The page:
I’ve said in other posts that based on advances in technology and “loophole” interpretations of our laws, we could stand to have both the Second and Fourteenth Amendments revisited and clarified.

    But the problems we have today in no way justify Congress, the President, or the Supreme Court acting on their own.

    I also disagree with the second premise. While it may be true that an assault weapons ban would reduce gun violence, it would reduce it by only a small amount. That small amount is what happens to get the most public attention, which feeds into the rest of your argument. If we are to truly address the problem of gun violence in this country, we need to look at all the causes – including gang warfare, drug addiction, disenfranchisement, racism and xenophobia, and mental illness as well as the availability of all kinds of weapons – and as a result of that look it is best to take the action that will have the most meaningful impact.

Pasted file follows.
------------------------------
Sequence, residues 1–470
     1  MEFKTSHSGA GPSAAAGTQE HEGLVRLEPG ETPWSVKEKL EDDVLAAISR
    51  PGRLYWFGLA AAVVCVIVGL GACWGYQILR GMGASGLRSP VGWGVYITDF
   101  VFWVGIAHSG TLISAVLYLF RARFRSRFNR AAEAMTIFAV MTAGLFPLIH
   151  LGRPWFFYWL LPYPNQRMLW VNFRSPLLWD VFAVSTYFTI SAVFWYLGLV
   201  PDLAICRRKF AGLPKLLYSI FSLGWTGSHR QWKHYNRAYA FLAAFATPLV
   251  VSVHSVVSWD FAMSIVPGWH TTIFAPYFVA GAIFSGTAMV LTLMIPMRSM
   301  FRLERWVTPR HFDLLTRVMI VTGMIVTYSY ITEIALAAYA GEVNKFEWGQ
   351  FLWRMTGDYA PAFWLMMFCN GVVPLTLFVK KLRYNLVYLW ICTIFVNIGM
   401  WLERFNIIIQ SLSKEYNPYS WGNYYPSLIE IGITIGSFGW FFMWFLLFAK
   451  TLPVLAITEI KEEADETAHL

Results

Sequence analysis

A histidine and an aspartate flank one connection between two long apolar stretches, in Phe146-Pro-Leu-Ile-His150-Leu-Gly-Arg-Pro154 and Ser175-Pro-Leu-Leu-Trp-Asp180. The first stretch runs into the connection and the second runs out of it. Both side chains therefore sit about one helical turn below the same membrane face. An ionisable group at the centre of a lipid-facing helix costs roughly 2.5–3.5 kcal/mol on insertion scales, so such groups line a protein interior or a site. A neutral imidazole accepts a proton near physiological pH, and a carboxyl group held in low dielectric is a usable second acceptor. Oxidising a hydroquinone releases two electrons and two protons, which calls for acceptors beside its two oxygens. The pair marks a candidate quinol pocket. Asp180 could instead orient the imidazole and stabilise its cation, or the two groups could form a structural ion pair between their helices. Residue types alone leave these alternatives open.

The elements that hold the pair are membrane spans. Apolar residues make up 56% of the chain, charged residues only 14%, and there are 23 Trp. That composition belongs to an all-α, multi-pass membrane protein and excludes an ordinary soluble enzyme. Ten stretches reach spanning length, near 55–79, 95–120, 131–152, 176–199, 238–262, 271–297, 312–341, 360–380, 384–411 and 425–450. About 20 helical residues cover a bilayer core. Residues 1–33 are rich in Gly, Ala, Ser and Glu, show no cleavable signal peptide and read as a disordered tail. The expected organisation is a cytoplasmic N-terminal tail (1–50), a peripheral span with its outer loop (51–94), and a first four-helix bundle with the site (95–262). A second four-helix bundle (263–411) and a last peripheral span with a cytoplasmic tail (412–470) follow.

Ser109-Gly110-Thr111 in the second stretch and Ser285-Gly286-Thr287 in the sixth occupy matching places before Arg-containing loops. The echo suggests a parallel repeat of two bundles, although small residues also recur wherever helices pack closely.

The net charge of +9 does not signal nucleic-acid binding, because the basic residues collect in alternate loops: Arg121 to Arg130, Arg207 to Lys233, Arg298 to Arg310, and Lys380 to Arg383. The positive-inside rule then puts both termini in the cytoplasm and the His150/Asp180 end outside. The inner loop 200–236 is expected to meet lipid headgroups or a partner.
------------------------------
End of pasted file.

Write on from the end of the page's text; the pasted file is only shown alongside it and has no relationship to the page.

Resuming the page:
Statistically, assault rifles will be at the bottom of that list.

    • Michael LaBossiere said, on July 1, 2016 at 6:55 pm

      That is fine-I’m advancing the argument as an example, not as my actual arguments for my actual position.

      Your comments are helpful-they illustrate my overall point that even though the logic of the argument is impeccable, the premises are open for dispute based on how people see them.

  3. david halbstein said, on July 2, 2016 at 8:02 am

    Yes, I see your point and I agree. The premises are the sticky parts. I need to read more carefully – thanks for the clarification. (“it is important to note that an argument being valid does not entail that any of its content is actually true.”)